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Writing Deep POV Part 1

Before we delve too deep into the techniques of successfully writing a deep POV, let’s first define what a deep POV is. Yes. I know. Some of you already know what a deep POV is. It’s first person. Right?

Kind of.

It’s limited knowledge, immediate action and reaction, an inside-out POV, and it’s highly biased by the character’s opinions and interpretations. This works with first person and deep third person. But just because you’re writing in these two POV’s doesn’t mean that you’ve autmatically hit your deep POV mark.

That was a very broad sweep of what deep POV is. Let’s discuss the number one thing that most authors get wrong in this POV.

Show Vs Tell

I’ve seen first person and deep third person POV’s fail because they showed…wrong.

We’ve heard for years that we need to show instead of tell. And if you’re anything like me, you’ve got every single thesaurus that Angela Ackerman and Becca Puglisi  have ever made, to include the Emotional Thesaurus. This is an entire book designed to help you show emotion instead of telling it.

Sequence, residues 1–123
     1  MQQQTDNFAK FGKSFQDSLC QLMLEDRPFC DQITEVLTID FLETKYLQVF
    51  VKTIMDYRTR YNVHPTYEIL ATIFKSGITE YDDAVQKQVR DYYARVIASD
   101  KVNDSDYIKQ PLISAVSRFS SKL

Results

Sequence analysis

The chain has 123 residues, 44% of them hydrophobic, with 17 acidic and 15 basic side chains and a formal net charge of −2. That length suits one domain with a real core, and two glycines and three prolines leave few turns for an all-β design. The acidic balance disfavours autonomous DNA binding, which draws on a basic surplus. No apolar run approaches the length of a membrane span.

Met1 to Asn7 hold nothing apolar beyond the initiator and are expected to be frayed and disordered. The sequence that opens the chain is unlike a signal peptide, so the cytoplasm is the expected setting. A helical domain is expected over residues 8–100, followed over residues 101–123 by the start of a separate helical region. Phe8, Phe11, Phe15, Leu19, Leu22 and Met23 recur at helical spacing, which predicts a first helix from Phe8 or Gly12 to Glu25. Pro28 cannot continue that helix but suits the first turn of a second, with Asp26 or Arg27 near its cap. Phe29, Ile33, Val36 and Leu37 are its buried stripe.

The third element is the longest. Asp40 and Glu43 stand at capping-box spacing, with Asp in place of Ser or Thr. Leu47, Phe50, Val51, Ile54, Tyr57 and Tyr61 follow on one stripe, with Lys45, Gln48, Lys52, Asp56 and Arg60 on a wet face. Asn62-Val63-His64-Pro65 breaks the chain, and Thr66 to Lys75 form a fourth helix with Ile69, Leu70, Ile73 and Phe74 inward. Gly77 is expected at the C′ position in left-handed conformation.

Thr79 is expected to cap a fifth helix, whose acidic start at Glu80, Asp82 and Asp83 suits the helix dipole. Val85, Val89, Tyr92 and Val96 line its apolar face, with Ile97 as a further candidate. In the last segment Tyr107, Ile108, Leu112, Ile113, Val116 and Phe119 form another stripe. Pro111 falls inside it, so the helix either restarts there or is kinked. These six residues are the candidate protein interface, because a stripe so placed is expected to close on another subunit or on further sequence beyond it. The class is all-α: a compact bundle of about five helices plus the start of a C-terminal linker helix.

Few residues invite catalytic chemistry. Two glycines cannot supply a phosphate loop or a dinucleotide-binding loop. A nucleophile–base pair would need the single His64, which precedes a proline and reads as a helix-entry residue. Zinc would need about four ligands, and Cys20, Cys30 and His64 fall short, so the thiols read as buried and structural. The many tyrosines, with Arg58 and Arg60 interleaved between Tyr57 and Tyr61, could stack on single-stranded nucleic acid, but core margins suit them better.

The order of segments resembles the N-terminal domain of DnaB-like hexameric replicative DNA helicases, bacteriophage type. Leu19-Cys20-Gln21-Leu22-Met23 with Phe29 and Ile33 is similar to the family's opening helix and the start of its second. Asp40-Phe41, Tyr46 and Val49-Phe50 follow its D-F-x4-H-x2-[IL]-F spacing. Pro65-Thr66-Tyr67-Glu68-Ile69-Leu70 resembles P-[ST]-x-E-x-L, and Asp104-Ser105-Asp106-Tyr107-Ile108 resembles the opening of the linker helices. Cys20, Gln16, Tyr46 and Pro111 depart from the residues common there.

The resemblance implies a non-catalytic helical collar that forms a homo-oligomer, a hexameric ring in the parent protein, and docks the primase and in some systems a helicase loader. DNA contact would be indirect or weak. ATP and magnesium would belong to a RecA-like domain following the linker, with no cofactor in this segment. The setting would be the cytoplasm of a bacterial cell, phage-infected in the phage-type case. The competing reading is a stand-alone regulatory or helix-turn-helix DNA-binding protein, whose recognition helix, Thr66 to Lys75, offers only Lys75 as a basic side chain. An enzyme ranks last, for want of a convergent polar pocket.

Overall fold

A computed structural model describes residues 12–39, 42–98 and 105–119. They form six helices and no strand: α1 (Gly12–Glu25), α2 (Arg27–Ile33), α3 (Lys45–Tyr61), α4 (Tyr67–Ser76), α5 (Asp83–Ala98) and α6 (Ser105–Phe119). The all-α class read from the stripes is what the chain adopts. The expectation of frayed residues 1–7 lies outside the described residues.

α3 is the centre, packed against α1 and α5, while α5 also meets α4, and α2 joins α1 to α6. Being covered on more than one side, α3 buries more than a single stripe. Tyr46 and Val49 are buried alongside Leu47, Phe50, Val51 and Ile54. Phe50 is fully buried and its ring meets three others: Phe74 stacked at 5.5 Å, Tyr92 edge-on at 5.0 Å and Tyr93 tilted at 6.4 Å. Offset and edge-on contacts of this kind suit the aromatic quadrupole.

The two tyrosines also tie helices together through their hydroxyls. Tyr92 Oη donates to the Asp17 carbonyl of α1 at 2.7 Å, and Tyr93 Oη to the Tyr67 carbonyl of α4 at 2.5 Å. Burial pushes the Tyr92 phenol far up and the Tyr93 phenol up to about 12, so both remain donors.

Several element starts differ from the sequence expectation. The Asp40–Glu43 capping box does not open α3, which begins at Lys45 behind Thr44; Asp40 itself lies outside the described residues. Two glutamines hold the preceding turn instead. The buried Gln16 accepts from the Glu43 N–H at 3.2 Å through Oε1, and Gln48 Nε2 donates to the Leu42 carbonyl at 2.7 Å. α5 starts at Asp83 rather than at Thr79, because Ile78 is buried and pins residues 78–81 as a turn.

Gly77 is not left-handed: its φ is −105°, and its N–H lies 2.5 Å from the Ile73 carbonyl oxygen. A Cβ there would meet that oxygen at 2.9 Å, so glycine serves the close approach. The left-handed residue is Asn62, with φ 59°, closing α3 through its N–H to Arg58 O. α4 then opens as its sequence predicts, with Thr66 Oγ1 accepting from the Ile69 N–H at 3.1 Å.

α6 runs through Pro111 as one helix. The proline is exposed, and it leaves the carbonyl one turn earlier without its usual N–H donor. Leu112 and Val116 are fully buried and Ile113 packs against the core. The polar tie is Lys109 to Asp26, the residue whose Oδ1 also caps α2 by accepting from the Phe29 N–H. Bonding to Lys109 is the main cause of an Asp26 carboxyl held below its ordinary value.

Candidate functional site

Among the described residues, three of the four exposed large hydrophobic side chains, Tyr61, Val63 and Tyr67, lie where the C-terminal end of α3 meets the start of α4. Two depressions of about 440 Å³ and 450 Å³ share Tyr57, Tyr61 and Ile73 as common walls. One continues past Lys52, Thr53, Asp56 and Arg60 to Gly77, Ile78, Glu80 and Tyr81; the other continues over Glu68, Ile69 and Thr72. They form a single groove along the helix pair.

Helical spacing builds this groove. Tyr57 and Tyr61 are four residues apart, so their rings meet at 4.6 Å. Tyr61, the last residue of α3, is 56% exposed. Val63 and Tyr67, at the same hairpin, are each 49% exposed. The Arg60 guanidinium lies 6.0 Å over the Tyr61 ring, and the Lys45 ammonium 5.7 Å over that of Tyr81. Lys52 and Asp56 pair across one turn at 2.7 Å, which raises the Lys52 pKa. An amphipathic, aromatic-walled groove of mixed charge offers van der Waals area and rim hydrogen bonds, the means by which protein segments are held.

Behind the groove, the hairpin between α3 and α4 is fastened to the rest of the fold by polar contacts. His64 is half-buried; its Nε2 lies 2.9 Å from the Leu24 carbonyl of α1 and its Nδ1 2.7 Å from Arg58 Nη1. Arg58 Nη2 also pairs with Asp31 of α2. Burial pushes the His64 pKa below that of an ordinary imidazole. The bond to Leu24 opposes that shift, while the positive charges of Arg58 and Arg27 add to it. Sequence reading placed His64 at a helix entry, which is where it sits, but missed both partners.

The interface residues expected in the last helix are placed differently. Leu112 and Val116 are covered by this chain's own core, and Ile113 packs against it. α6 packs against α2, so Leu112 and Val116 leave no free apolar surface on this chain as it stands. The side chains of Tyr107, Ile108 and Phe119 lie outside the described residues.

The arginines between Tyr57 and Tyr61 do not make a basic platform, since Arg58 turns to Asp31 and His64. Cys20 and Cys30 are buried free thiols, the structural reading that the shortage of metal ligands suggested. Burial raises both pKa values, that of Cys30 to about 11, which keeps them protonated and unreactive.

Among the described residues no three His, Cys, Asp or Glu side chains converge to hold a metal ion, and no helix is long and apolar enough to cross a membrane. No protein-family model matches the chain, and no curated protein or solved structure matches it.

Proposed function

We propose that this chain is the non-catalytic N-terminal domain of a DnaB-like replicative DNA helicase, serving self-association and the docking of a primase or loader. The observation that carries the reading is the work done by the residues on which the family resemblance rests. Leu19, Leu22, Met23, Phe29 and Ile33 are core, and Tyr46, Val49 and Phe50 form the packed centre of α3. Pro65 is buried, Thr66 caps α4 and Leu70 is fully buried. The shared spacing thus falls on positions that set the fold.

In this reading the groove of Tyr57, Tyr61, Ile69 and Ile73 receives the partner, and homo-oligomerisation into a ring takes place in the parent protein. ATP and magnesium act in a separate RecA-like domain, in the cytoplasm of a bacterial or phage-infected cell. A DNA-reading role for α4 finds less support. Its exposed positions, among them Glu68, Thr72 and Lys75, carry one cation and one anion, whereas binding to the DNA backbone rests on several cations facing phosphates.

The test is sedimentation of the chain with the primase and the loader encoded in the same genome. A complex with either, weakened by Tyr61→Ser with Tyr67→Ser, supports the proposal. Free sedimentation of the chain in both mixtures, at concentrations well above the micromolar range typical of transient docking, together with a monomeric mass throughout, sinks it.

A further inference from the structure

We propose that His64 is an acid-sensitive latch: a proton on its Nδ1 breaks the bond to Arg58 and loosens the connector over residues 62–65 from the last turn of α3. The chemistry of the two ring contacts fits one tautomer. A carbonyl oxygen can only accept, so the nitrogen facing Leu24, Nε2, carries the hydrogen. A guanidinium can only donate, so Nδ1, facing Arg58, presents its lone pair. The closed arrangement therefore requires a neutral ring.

However, in deep POV, the only emotions you really should be showing this way are those of other characters. You can’t be in their heads because you’re in your own. How do you know when your friend, your mother, your husband or wife, your kids, or your boss is upset with you? You see it in the same ways that Angela and Becca have shown you.

But when you show your main character’s (MC’s) emotions this way, you’re pulling back and showing her from the outside.

Let me ask you. How often do you focus on what your face is doing? I mean, if you aren’t narcissistic or have a fear of how people will judge you. (No judging, by the way. If this is you, then own it.) If you’re in your comfortable environment, how often do you concentrate on your smile? Or what your eyes are doing? Or what your hands are doing?

Not often. You know why? Because you’re too busy living. Who cares about your face? Or your hands unless you’re reaching for something. Right?